82. Informations against Archbishop Laud by James Prince and Thos. Noyan. Prince testifies that when the Soap boilers appeared in the Star Chamber touching their boiling soap after the patent granted to others for that employment, counsel pleaded on both sides, and when it came to Dr. Laud's turn to speak, he said that Griffin and the rest, who were then prisoners in the Fleet for that cause, were most to be blamed for their disobedience, which was not only their fault, but he affirmed that it was the fault and sin over the kingdom of which he had complained and would still complain till men were brought to obey such things as were enjoined by authority. This myself and others thought to be a sad presage of blind obedience which would be required of all men in matters of liberty and estates, as we saw it was then too forward in matters of the Church. Mr. Thos. Noyan can testify that at the Council Board it being debated about the setting of the Communion Table altar-wise in Gregory's church, by Paul's. The counsel for the parish upon occasion vouching something in Bishop [John] Jewel's book, ordained by Parliament to be kept in every church, Canterbury said I shall beseech your Majesty if this be the use they make of those books they may be removed out of the church, or to that effect. [1p.]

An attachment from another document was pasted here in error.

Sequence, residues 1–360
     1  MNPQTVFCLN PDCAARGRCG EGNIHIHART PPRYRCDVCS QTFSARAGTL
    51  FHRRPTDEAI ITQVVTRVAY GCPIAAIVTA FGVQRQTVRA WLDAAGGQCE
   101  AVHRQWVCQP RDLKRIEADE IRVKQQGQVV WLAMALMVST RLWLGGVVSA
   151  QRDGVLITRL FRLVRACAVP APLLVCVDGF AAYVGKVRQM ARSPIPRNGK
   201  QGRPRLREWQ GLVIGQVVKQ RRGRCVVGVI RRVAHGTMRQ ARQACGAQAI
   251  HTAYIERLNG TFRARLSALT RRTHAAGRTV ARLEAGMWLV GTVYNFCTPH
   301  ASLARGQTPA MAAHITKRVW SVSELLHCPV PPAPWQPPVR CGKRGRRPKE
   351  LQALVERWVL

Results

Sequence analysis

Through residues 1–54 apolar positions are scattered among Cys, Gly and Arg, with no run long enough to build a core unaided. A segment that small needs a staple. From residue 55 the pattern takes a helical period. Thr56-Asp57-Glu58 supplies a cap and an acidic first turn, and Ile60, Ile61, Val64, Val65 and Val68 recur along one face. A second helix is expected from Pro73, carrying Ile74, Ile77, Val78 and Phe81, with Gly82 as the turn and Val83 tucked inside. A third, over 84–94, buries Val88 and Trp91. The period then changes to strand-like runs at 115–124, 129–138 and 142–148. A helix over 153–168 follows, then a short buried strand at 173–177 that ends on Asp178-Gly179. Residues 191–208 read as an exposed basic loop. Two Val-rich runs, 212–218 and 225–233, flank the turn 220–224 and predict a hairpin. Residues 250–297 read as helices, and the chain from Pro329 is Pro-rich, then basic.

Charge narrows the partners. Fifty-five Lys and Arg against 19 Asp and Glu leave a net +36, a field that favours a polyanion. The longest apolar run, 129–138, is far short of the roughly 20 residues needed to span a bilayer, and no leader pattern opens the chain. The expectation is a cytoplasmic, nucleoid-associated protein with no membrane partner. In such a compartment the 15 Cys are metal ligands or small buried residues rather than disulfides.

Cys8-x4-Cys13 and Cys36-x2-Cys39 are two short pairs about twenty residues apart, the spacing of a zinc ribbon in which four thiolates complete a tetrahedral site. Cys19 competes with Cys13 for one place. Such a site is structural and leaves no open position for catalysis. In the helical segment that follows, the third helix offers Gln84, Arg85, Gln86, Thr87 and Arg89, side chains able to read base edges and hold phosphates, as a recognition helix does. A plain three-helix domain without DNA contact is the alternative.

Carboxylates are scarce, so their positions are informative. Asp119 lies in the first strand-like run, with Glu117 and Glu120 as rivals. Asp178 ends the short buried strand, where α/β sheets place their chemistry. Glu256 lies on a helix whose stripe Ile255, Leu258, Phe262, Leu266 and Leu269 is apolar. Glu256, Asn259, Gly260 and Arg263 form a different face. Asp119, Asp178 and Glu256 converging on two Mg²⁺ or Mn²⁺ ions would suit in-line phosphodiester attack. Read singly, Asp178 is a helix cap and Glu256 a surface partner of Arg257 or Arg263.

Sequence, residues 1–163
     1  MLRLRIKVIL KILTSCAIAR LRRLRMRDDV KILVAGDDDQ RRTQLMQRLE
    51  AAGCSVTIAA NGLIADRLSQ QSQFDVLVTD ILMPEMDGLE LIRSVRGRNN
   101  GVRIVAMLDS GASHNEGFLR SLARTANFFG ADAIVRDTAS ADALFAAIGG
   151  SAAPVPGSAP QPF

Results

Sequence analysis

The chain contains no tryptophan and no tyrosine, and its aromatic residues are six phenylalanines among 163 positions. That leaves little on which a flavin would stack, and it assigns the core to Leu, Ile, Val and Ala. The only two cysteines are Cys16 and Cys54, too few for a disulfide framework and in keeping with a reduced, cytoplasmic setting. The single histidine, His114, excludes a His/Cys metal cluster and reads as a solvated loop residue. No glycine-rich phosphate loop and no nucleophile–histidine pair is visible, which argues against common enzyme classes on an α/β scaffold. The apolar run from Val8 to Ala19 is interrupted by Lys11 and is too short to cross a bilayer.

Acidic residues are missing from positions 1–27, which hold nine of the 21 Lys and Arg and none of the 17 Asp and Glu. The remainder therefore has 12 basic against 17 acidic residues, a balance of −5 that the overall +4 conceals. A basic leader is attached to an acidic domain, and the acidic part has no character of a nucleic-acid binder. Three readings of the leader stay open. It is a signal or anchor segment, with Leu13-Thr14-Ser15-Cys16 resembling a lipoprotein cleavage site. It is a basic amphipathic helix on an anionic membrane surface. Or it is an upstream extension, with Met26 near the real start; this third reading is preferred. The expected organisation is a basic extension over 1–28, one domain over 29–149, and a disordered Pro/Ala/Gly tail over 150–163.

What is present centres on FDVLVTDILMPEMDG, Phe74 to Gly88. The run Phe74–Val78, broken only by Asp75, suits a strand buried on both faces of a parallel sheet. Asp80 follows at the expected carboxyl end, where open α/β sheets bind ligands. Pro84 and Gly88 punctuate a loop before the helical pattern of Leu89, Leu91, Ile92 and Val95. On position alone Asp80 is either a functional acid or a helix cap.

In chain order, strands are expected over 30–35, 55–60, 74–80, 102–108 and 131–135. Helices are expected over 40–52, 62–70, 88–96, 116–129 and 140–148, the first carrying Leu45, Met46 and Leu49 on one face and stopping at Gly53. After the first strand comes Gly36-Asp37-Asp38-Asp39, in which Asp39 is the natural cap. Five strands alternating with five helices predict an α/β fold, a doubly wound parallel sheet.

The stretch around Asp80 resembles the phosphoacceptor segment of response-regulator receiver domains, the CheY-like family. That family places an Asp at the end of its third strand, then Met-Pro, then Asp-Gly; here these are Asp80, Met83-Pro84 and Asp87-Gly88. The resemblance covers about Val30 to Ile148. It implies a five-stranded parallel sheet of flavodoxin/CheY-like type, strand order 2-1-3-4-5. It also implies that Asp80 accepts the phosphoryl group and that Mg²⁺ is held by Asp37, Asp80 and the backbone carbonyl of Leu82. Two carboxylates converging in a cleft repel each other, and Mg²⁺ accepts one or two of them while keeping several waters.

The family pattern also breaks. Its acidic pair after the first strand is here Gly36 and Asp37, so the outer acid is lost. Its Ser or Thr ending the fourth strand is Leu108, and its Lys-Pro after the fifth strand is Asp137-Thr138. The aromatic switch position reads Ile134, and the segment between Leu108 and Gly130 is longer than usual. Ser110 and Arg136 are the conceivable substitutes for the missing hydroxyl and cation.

83. The like by John Burges, of Sutton-Coldfield, co. Warwick, practitioner in physic in London. How he was prevented from taking his degree of Dr. and B.Ph. at Oxford by Dr. Smith, ViceChancellor, on account of certain words spoken. After this Laud caused examinant to be fetched up by a pursuivant 88 miles, and caused articles original and additional to be exhibited against him. In the end of Michaelmas term he was committed to the Clink, before his cause was heard, though he had given bond for his appearance and paid fees. Laud then caused him to be fined 500l., and immediately to be removed to the Gatehouse, where he paid new fees and was detained about nine months, and enjoined to make a submission in conceptis verbis, expressly contrary to his answers upon oath, and required to make a solemn protestation that the calling of the reverend Bishops was of Divine institution, with some other such things mentioned in his submission, which together with the articles against him are upon record, to which he refers himself. After much petitioning he got his fine mitigated to 40l., which he paid in towards the rebuilding of Paul's, and then Laud protested that he should not take his degrees while he lived. He heard Laud say openly in the High Commission Court "I will break my back or I will break the neck of these prohibitions." The main things for which he was censured in the High Commission were for that he said he would rather give 10s. to the pulling down of Paul's Church, to build other churches where wanted, or relieve the poor, than 5s. to repair it. That churches were not simply necessary, &c. 22 Jany. 1643. [1p.]